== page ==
In December 2013, BASF and Renmatix entered into a joint development agreement to scale Renmatix’s Plantrose process for the production of industrial sugars based on lignocellulosic biomass. The joint effort is driven by BASF’s appetite for “renewable raw material”.

In June 2013, UPM and Renmatix entered into a joint development agreement in the area of biochemicals. For those less familiar with the giants of the European pulp & paper industry, the Finland-based UPM is right at the top of the stack — the company’s symbol, the griffin, perched atop many of the signature pulp & paper mills around the world.

Some time ago, UPM had set out on an ambitious Biofore strategy with a clear goal of leveraging its strength in aggregation and processing of wood resources into a series of new ventures in biofuels as well as renewable chemicals.

Impressively, and rarely for the cash-strapped pulp & paper sector, UPM had utilized their balance sheet in developing the world’s first wood-based renewable diesel refinery in Lappeenranta, starting construction last summer. UPM’s Lappeenranta biorefinery, constructed without any public funding, will produce diesel out of crude tall oil, a residue of pulp production. The process is based on hydrotreatment and production had started in the summer of 2014 — initial capacity in the sub-10 million gallon range but with a potential capacity to expand out to 55 million gallons per year.


In January 2013, Renmatix commissioned its BioFlex Conversion Unit, a multiple-feedstock processing facility in King of Prussia that converts hardwood, perennial grasses, agricultural residues, softwoods and waste streams into cellulosic sugars for Renmatix’s downstream fuel and chemical strategic partners. Renmatix CEO Mike Hamilton referred to this new wave as “farmistry” — reflecting a complimentary interest in agriculture and chemistry — driving the creation of added value for many types of locally grown biomass.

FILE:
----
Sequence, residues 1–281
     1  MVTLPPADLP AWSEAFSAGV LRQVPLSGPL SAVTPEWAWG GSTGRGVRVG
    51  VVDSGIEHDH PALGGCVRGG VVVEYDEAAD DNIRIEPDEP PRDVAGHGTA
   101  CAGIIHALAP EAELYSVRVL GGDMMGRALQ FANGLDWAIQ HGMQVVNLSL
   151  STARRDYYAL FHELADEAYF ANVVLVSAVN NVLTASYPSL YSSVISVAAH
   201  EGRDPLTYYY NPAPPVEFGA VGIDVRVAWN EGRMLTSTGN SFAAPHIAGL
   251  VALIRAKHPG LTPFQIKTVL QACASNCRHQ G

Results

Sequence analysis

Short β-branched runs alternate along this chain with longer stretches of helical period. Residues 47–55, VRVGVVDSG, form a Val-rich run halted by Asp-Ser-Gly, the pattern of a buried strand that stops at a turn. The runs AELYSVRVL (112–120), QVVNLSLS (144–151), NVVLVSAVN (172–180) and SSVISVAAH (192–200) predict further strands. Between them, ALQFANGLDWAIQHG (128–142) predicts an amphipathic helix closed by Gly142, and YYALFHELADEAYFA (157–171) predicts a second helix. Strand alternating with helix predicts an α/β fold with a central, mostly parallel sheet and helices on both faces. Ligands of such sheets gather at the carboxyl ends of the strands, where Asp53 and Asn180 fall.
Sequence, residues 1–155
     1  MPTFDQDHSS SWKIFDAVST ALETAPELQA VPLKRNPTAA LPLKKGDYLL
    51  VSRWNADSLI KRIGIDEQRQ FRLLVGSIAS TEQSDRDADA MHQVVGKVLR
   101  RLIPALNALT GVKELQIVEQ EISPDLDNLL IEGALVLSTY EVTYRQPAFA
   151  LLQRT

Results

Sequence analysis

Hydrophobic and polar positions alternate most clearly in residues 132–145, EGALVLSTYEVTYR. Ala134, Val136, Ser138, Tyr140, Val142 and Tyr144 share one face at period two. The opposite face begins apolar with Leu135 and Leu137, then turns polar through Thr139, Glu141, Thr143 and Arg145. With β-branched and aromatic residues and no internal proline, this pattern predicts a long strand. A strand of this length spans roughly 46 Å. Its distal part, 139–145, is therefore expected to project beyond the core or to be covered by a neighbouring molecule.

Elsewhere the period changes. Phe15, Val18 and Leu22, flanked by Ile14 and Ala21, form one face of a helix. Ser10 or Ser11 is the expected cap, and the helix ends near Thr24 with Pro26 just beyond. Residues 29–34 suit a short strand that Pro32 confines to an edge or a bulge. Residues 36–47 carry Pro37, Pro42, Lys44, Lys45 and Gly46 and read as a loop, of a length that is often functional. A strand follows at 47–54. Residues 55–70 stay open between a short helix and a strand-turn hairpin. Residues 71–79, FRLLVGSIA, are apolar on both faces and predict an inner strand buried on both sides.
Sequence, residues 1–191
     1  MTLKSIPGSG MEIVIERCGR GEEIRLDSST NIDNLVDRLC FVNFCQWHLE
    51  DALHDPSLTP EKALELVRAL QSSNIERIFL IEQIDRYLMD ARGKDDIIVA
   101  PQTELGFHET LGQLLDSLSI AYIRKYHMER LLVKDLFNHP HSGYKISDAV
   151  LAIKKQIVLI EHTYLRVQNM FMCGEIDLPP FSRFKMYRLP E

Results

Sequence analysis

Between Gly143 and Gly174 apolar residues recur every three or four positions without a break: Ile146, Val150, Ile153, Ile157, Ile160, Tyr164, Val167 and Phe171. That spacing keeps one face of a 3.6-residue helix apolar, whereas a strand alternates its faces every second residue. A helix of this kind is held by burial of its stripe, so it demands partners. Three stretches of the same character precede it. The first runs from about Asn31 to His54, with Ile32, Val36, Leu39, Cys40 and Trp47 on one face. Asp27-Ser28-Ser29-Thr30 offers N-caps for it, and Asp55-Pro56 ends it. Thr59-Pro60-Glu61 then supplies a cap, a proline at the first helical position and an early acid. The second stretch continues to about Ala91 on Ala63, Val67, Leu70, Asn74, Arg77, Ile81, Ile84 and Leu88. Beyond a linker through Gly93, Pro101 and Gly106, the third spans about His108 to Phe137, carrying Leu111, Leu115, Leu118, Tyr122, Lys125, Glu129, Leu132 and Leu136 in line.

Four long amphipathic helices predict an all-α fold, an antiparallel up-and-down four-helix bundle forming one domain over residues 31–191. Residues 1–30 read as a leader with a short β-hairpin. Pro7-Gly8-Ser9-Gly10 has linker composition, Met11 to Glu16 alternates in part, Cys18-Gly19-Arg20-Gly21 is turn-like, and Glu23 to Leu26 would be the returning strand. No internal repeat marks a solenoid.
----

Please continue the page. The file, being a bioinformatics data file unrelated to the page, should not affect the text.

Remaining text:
Major Milestone Goals

  • Continued execution on all JDA milestones to enable partners’ investment decisions, and break ground on Bioneer commercial facility (first Plantrose enabled biorefinery)
  • Deliver on current license agreements and execute additional licenses for proliferation of the Plantrose technology globally
  • Continue broadening the scope of qualified feedstocks, industry partners, & strategic investors that support and demonstrate Renmatix’s active commercialization

Business Model

Renmatix has and will continue to license Plantrose technology to partners both upstream (feedstock) and downstream (sugar users) on a non-exclusive basis.

Competitive Edge

Renmatix produces the lowest-cost cellulosic sugars from a variety of feedstocks. Its Plantrose process uses water at elevated temperatures and pressures to break down biomass in seconds, rather than hours, and without any significant consumables. With low operating and capital costs, Renmatix will be competitive with corn and cane based sugar at its first commercial facility. To date, Plantro sugars have been successfully converted into more than a dozen chemicals and fuels by numerous downstream partners such as BASF and UPM.

Company website